According to Francisco Gonzalez-Pulido, president of Chicago-based JAHN, contemporary facade design neglects one of the building envelope’s foremost responsibilities: storytelling. “There is a focus now on using the building massing to convey the key message,” he said. “However, I think it’s through the facade that we can bring a more compelling narrative about how the building functions.” As an example, Gonzalez-Pulido pointed to Mies van der Rohe’s One IBM Plaza, which he can see from his office. “When you look at the mechanical floors, they’re treated differently,” he said. “In the lobby, the glass is different. This is actually the responsibility of the facade—it’s more than a piece of glass and metal to cover the building.” Read More

The Music City’s New Urbanism: The Nine Projects Leading Nashville’s Transformation

Nashville at night. (joshunter / Flickr)

Nashville at night. (joshunter / Flickr)

For many, architecture isn’t the first thing that comes to mind when considering Nashville—it’s called the Music City for a reason. But there is more to Nashville than country songs, barbecue ribs, and the eponymous show on ABC. In recent years, the city of 600,000 has become a regional leader in smart urban design and distinctive architecture. New riverfront parks are transforming Nashville’s connection to the Cumberland River, bikeshare docks have appeared around downtown, bus rapid transit is in the works, and the city’s tallest tower is set to rise. And that’s just the start of it. Take a look at the city’s dramatic transformation and a peek at where it’s headed.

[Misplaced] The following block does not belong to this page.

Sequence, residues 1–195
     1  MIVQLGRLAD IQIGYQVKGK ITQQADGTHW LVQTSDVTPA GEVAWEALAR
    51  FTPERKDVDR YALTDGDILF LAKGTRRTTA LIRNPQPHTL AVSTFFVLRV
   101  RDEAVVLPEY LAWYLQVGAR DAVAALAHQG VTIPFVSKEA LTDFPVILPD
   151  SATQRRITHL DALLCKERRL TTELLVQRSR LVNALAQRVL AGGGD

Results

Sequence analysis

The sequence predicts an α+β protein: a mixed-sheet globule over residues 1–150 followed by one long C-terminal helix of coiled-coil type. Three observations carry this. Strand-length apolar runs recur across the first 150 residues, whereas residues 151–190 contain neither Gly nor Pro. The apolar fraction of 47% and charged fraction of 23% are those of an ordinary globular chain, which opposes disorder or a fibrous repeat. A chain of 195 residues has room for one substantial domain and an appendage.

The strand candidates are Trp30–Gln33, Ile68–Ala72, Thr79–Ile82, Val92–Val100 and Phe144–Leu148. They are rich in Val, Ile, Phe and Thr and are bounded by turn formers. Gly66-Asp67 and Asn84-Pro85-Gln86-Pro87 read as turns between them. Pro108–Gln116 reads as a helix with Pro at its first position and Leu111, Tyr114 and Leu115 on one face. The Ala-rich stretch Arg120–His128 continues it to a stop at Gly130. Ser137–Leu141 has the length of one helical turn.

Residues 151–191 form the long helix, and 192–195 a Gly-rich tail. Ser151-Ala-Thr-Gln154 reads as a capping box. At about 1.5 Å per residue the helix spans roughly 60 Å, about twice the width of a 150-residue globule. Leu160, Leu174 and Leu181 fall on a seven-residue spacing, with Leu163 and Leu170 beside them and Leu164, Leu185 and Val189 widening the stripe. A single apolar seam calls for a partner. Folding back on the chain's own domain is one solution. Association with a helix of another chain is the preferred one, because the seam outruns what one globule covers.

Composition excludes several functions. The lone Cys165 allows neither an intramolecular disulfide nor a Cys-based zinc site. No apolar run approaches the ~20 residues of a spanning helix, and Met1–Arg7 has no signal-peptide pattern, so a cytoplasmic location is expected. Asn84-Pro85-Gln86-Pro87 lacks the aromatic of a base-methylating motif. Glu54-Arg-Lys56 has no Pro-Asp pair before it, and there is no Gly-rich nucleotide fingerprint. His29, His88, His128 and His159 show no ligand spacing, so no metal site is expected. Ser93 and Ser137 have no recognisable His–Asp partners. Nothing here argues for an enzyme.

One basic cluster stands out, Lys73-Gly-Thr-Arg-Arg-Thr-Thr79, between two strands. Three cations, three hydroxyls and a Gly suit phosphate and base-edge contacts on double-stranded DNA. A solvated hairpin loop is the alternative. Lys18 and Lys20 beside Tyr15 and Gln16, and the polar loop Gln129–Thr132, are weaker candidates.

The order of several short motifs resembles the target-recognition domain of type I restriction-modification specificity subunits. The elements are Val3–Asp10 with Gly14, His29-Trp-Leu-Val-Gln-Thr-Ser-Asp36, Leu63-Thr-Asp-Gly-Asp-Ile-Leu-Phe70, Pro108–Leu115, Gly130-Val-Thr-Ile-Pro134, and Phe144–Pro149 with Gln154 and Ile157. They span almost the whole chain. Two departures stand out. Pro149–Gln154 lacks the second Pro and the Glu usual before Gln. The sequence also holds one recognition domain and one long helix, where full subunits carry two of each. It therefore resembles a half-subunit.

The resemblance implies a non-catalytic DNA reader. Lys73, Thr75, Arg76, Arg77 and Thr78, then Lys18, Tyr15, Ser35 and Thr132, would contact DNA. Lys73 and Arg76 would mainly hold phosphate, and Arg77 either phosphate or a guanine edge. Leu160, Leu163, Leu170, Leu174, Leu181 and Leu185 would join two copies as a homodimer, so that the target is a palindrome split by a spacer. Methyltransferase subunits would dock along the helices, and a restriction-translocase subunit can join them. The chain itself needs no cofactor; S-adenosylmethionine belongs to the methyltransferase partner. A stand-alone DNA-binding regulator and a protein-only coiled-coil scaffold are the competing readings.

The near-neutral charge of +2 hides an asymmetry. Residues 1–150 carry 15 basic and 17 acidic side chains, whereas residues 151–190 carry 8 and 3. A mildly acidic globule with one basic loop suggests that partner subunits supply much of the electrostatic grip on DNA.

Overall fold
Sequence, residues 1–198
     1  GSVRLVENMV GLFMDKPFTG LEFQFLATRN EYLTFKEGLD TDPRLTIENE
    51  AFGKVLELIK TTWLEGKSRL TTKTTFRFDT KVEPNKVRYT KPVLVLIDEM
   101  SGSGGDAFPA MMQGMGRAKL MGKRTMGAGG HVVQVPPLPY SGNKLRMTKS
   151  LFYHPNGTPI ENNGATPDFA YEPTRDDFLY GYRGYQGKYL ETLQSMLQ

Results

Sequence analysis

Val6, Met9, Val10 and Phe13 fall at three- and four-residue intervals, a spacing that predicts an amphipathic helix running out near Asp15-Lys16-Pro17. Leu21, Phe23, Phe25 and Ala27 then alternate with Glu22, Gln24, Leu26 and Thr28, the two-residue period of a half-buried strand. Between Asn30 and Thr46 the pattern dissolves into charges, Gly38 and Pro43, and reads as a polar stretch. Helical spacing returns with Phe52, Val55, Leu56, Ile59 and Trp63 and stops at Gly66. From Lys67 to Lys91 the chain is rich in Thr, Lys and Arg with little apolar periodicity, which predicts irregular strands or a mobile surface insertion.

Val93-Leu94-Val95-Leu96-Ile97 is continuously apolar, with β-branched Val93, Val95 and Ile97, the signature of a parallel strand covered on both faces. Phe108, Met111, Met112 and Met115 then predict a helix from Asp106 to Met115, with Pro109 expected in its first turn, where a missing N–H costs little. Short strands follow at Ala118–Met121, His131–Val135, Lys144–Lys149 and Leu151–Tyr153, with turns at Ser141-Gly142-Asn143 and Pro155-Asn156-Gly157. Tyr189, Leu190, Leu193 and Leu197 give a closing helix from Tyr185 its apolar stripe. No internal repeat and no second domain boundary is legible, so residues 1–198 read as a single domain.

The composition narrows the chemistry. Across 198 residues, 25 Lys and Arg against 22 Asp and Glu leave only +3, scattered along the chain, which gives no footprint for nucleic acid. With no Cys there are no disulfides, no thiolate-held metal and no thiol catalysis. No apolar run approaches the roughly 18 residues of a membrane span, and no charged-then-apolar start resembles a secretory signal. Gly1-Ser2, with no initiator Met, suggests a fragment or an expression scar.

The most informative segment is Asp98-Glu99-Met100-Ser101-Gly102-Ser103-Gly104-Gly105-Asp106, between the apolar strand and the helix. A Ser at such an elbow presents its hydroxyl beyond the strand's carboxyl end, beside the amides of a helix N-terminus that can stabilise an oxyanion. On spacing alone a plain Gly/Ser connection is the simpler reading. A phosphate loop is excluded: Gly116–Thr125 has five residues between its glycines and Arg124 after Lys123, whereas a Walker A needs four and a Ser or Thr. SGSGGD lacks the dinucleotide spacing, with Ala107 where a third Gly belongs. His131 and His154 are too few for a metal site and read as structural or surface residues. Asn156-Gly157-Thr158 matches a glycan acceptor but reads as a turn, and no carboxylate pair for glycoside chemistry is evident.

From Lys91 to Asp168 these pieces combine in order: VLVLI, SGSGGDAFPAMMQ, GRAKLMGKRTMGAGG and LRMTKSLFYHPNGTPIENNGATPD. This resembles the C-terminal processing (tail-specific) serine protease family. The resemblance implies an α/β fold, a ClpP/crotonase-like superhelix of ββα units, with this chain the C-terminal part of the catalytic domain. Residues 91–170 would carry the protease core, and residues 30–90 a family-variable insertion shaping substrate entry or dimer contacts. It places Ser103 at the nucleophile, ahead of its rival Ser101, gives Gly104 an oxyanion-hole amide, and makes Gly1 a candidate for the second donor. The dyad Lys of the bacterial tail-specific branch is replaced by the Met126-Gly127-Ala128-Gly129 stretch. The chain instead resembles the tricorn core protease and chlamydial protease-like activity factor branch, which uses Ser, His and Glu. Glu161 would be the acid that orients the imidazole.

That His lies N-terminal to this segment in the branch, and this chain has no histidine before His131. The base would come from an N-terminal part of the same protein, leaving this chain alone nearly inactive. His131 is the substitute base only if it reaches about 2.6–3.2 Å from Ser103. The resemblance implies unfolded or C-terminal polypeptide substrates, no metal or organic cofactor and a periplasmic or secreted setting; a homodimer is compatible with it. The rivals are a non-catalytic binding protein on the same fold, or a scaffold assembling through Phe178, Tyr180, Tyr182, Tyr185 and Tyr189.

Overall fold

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Alexander Gorlin Wraps Supportive Housing in a Binary Skin

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Located in the Bronx, The Brook provides housing and support services for the formerly homeless and individuals living with HIV/AIDS. (Courtesy Alexander Gorlin Architects)

Located in the Bronx, The Brook provides housing and support services for the formerly homeless and individuals living with HIV/AIDS. (Courtesy Alexander Gorlin Architects)

An aluminum rain screen and locally-sourced brick articulate a two-part program.

The Brook, developed by Common Ground and designed by Alexander Gorlin Architects, is part of a new wave of affordable housing communities popping up all over the United States. Unlike the public housing projects of the mid-twentieth century, which focused exclusively on housing and tended to suffer from a lack of routine maintenance, The Brook, located in the Bronx, combines apartments and support services under one roof. This duality is manifested in the envelope’s contrasting material palette—dark grey brick for the residential spaces, raw aluminum over the community facilities. “The idea of the exterior was to symbolize, as well as reflect, the internal program of Common Ground as supportive housing,” said Alexander Gorlin. “It’s inspired in part by Le Corbusier and his idea of expressing the program on the facade, and expressing the public functions as a means of interrupting a repetitive facade.” Read More

SHoP Architects Designing Brooklyn’s Newest, Tallest Tower

The site of SHoP's future tower, next to the City Point development.

The site of SHoP’s future tower, next to the City Point development.

SHoP Architects has racked up another major project in Brooklyn. The firm behind the Barclays Center and the Domino Sugar Factory redevelopment, is designing Brooklyn’s newest, tallest tower. NY YIMBY spotted building permits for 340 Flatbush Avenue Extension in Downtown Brooklyn, where the firm’s 775-foot-tall, 495-unit building will rise.